Langton’s Ant is a simulation in two dimensions which has been proven to be a universal Turing machine – it can in principal be used to compute anything computable by a computer.

The simulation consists of an infinite board of either squares which can be either white or black. Now, an “ant” walks around the board. If the ant lands on a white square, it turns right, flips the color of the square and moves forward. If the square is black, the ant turns left, flips the color of the square and moves forward.

When visualised, the behaviour of this system changes over time from structured and simple to completely chaotic. However, the system is completely deterministic, determined only by the starting state.

In the video above, a simulation with two ants runs over 500 steps, and every time a square flips from black to white, a note is played. The note to be played is determined as follows:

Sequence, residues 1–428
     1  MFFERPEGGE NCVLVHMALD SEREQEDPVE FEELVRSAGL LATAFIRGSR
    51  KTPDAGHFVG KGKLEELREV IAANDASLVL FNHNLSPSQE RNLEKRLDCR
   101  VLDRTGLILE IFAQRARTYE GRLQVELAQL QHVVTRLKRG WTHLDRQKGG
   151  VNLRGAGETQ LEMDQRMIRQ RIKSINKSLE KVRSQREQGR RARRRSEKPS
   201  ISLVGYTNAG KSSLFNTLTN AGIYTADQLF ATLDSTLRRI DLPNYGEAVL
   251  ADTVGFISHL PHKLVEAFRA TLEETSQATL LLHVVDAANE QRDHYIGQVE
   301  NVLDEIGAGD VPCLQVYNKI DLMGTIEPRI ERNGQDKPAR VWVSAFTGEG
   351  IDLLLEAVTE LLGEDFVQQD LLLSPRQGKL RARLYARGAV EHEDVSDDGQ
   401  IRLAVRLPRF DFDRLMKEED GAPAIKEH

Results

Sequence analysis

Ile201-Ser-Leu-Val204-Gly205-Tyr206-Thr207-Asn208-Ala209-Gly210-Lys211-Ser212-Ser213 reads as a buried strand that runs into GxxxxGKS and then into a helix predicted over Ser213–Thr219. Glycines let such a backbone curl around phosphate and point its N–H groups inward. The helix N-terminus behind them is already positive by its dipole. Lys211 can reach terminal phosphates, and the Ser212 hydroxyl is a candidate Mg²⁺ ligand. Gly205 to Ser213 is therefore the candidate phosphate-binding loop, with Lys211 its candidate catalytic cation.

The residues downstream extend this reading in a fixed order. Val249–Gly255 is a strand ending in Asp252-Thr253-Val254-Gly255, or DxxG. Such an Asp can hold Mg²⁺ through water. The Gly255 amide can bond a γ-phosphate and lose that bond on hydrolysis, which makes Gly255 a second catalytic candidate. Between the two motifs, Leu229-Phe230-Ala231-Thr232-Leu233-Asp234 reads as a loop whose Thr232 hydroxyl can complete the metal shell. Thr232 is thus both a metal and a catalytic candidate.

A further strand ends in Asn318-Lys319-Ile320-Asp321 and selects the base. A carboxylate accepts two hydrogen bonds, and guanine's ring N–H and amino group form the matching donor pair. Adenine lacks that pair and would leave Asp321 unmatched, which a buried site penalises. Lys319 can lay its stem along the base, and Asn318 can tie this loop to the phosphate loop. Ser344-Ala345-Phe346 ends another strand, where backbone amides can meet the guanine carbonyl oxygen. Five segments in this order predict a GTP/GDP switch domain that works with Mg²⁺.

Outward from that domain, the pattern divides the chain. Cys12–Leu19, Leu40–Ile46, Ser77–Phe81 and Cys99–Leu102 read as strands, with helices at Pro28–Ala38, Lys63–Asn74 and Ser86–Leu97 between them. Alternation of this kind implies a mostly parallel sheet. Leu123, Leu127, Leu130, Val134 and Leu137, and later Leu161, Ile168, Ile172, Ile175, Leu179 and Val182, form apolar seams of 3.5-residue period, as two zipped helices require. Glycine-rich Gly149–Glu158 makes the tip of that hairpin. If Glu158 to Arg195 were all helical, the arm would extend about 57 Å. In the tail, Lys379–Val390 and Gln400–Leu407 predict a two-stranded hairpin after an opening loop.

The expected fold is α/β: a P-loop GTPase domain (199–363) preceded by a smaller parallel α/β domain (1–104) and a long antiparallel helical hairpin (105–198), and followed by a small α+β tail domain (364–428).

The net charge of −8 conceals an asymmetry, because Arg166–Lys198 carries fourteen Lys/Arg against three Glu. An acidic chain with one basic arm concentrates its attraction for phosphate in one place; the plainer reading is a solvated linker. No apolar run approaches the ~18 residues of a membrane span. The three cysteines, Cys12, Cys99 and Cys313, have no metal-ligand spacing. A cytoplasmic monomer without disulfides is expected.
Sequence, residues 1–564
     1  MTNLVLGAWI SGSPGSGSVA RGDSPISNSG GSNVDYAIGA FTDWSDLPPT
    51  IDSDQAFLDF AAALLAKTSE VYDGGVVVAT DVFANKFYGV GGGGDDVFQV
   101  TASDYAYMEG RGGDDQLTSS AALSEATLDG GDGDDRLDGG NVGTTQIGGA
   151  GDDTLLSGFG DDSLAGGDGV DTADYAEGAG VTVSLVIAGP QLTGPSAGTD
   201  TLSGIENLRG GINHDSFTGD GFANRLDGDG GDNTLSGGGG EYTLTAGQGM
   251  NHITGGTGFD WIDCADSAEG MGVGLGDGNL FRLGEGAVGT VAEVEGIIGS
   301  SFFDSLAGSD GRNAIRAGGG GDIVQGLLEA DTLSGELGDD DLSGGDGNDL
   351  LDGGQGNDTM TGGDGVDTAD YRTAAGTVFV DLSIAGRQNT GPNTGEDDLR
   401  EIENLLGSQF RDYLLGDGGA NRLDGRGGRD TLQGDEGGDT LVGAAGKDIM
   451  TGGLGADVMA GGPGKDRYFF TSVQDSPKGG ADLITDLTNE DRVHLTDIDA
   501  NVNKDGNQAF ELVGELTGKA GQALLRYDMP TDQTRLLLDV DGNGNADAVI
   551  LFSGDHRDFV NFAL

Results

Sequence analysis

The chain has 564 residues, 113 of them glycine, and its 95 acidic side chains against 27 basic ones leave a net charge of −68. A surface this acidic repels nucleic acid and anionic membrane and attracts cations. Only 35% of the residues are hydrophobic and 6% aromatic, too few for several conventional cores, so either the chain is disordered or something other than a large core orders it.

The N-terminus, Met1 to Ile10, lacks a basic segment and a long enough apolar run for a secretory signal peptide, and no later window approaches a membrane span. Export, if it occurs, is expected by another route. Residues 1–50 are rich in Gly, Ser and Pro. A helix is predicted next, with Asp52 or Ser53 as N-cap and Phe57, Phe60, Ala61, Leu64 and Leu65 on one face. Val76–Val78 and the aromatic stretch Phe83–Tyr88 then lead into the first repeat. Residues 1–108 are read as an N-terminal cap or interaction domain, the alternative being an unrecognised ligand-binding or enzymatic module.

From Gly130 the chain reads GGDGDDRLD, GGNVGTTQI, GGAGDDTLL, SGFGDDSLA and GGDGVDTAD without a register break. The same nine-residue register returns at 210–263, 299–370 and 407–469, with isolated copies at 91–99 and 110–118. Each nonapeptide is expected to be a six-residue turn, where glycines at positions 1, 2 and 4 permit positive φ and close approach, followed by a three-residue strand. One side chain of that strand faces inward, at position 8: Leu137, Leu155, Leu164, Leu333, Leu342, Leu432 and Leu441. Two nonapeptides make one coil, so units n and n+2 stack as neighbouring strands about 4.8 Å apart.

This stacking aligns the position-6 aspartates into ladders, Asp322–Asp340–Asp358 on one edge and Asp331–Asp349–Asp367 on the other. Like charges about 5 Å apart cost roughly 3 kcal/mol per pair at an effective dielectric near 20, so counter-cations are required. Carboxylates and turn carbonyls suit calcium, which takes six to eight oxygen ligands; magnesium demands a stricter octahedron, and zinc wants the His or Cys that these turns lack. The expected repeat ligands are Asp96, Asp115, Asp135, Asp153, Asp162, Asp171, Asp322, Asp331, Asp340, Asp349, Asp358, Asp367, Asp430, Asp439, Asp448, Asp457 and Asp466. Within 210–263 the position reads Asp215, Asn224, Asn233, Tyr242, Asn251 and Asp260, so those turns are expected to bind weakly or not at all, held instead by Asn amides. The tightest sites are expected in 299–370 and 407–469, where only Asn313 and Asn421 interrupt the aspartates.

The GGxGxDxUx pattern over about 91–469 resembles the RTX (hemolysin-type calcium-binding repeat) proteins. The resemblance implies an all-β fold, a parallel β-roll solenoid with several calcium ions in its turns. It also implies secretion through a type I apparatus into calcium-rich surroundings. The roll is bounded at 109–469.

- The board is divided into 7×7 sub-boards of 49 squares.
- These squares are enumerated from the bottom reading each row from left ro right from 0 to 48.
- When a square is flipped from black to white, the number assigned to the square determines the note as the number of semitones above A1.

Seven is chosen as the width of the sub-squares because it is the number of semitones in a fifth, so the ants moves either chromatically (horizontally) or by fifths (vertically). In the beginning, the are moving independently and very structured, but when their paths meet, a more complex, chaotic behaviour emerges.